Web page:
No one is minimizing the impact of $85 billion in domestic and defense cutbacks this year, once deemed so draconian that both sides assumed Congress would stop them from taking effect. But how that pain would be distributed, and how quickly it would be felt, is part of the blame game playing out in Washington. It’s all about the finger-pointing right now, since there are no negotiations about avoiding the budget-slashing that will begin at week’s end.

The administration brought out the big howitzer:
there could be security lines at the airports that last 90 minutes or more.

The rhetoric intensified on Monday, with House Speaker John Boehner charging the president with “using our military men and women as campaign props.” 

The White House brought Homeland Security Secretary Janet Napolitano to the briefing room on Monday to respond to such criticism. “I’m not here to scare people,” she said. “I’m here to inform, and also to let people begin to plan -- because they’re going to see these impacts in their daily lives.”

Let’s take a minute to look at how the administration unfurled its message. The Pentagon launched the first guided missile last week: Nearly 800,000 civilian workers would be furloughed one day a week.

That was an attention-grabber.

The president himself dropped the next bomb at a White House appearance, surrounded by first responders: Criminals would go free, FBI agents would be furloughed, cops and teachers laid off, kids shut out of child care.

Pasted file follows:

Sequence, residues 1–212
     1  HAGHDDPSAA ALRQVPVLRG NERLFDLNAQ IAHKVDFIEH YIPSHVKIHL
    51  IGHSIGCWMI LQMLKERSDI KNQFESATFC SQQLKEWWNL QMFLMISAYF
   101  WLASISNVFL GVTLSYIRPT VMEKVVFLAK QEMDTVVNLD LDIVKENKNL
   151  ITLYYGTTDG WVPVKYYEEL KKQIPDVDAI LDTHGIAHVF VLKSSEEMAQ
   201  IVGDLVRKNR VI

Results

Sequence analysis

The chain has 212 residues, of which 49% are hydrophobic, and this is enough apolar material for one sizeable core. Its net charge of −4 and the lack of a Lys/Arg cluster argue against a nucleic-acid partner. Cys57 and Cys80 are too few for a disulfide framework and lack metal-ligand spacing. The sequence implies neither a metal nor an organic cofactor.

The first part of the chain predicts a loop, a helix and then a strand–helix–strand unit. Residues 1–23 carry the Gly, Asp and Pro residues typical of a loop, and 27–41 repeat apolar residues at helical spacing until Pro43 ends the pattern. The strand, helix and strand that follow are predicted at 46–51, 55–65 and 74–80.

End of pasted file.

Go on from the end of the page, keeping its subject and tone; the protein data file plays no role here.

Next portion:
That didn’t move the needle. So the administration brought out the big howitzer.

There could be security lines at the airports that last 90 minutes or more.
Flights would be delayed as air traffic controllers are furloughed and fewer planes are allowed to fly. Overnight shifts would be canceled at 70 smaller airports.

America will be inconvenienced! What did we do to deserve this??

It was icing on the cake for the Obama team that Transportation Secretary Ray LaHood—a Republican—was tapped to deliver the news.

Video screenshot

Caption: Sequester 101: What you need to know about the nation's latest fiscal emergency.

But with a 9 percent overall reduction in domestic programs, does the department really have no choice but to allow greater takeoff and security delays? Barbour says the FAA spends $500 million on consulting fees alone.
“We're going to try and cut as much as we possibly can out of contracts and other things that we do,” LaHood told CNN’s State of the Union. “But in the end, there has to be some kind of furlough of air traffic controllers…This is not stuff that we just decided to make up.”

On Sunday, the White House held a conference call with reporters and rolled out a list of state-by-state budget cuts. Up to 2,300 kids could lose child care in New York, 90,000 defense workers in Virginia would face temporary layoffs, and so on. This approach is, of course, tailor-made for local news outlets.